Incidence and Causes of Sudden Cardiac Death in U.S. College Athletes
What are the incidence and causes of death in college student-athletes?
Databases (including autopsy reports) from both the US National Sudden Death in Athletes Registry and National Collegiate Athletic Association (NCAA) for 2002-2011 were assessed to define the incidence and causes of death in college student-athletes.
Over the 10-year period, 182 episodes of sudden death occurred (ages 20 ± 1.7; 85% males; 64% white): 52 resulted from suicide (n = 31) or drug abuse (n = 21), and 64 probably or likely were attributable to cardiovascular causes (6/year). Of the 64 athletes, 47 had a confirmed post-mortem diagnosis (four/ year), most commonly hypertrophic cardiomyopathy in 21, and congenital coronary anomalies in eight. The 4,052,369 athlete participations (in 30 sports over 10 years) incurred mortality risks of: suicide and drugs combined, 1.3/100,000 athlete-participation-years (five deaths/year); and documented cardiovascular disease, 1.2/100,000 (four deaths/year). Notably, cardiovascular deaths were fivefold more common in African-American athletes than whites (3.8 vs. 0.7/100,000, p < 0.01), but did not differ from the general population of the same age and race (p = 0.6).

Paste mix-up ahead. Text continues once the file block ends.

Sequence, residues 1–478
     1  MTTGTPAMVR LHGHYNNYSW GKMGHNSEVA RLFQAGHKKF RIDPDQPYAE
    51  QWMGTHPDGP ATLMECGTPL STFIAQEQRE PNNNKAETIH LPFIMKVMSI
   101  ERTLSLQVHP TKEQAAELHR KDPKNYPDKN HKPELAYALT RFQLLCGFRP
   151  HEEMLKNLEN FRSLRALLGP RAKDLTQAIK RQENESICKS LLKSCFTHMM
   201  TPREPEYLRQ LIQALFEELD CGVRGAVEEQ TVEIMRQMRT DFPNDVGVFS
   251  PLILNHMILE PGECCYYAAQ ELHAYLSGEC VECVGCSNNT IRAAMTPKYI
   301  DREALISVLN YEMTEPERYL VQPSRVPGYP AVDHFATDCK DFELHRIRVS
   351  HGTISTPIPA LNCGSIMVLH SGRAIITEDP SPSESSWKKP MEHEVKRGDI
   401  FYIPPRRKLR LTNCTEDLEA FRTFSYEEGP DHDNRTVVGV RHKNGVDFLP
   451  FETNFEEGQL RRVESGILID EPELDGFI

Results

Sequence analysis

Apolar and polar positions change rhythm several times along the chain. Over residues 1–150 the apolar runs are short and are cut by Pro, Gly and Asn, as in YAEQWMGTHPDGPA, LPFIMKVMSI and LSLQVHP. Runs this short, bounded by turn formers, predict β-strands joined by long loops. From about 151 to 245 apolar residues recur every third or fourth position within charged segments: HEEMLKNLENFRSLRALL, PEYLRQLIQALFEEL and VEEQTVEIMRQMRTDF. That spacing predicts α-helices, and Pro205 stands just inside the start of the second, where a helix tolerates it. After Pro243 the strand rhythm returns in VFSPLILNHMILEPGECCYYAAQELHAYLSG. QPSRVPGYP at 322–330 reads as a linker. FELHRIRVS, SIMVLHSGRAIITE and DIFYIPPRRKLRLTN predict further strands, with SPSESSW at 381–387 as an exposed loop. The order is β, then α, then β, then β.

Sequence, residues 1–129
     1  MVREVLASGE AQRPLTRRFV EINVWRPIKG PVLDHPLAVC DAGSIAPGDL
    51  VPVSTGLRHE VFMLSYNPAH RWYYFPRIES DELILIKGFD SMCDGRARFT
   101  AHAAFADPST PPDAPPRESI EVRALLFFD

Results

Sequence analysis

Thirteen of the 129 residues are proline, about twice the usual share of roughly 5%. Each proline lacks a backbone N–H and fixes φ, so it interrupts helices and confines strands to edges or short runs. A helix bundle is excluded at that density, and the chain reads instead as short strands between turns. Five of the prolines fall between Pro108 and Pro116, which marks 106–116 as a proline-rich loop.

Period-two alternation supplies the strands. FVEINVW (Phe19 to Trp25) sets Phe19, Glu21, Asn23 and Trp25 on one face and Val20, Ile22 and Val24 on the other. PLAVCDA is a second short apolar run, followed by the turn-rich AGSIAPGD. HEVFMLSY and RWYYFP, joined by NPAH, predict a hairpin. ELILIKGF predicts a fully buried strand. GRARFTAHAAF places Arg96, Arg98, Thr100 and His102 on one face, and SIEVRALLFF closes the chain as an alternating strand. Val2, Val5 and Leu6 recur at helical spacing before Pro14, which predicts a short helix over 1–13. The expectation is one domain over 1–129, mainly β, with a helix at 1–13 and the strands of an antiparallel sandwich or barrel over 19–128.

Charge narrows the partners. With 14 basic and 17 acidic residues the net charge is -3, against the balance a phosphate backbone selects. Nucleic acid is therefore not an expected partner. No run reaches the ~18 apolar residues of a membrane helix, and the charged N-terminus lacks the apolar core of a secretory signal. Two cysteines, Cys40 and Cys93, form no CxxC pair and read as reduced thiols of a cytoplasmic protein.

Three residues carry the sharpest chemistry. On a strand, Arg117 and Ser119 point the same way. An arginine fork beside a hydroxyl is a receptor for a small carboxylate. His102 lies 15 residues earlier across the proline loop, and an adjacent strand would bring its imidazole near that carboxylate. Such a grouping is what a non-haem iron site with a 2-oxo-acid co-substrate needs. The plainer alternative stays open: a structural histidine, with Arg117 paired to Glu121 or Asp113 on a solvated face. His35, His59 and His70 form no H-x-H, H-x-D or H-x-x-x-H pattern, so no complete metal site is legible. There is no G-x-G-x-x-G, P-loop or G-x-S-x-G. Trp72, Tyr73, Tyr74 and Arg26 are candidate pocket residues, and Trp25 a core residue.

The authors concluded that, in college student-athletes, sudden death risk due to cardiovascular disease is relatively low, with mortality rates similar to suicide and drug abuse; and less than expected in the general population, although higher in African-Americans. The majority of underlying cardiac diseases that led to confirmed cardiovascular deaths likely would have been reliably detected by preparticipation screening with a 12-lead electrocardiogram (ECG).
Preparticipation screening for amateur high school and college athletes in the US typically involves a directed history and physical examination. In contrast, European Union (EU) and some other countries mandate a preparticipation screening ECG in an attempt to detect otherwise silent cardiovascular disease. A debate continues about the efficacy of preparticipation screening ECGs (issues include an ability to detect some but not all cardiac diseases that predispose for sudden death, and rates of false-positive ECGs that lead to additional testing), as well as the feasibility of transferring EU practice to the US (issues include relative prevalence of various cardiac diseases, and differences in medical-legal climates). This study is an extension of existing work using the US National Registry of Sudden Death that has been maintained at the Minneapolis Heart Institute since 1992, and it continues to suggest a low risk of sudden cardiac death among college athletes in the US. The low frequency of observed sudden cardiac death would tend to support the effectiveness of current screening practices (that do not include a routine ECG).
Keywords: Athletes, Cause of Death, Registries, Cardiomyopathy, Hypertrophic, Sports, Autopsy, Physical Examination, Death, Sudden, Cardiac, Substance-Related Disorders, United States, Suicide
< Back to Listings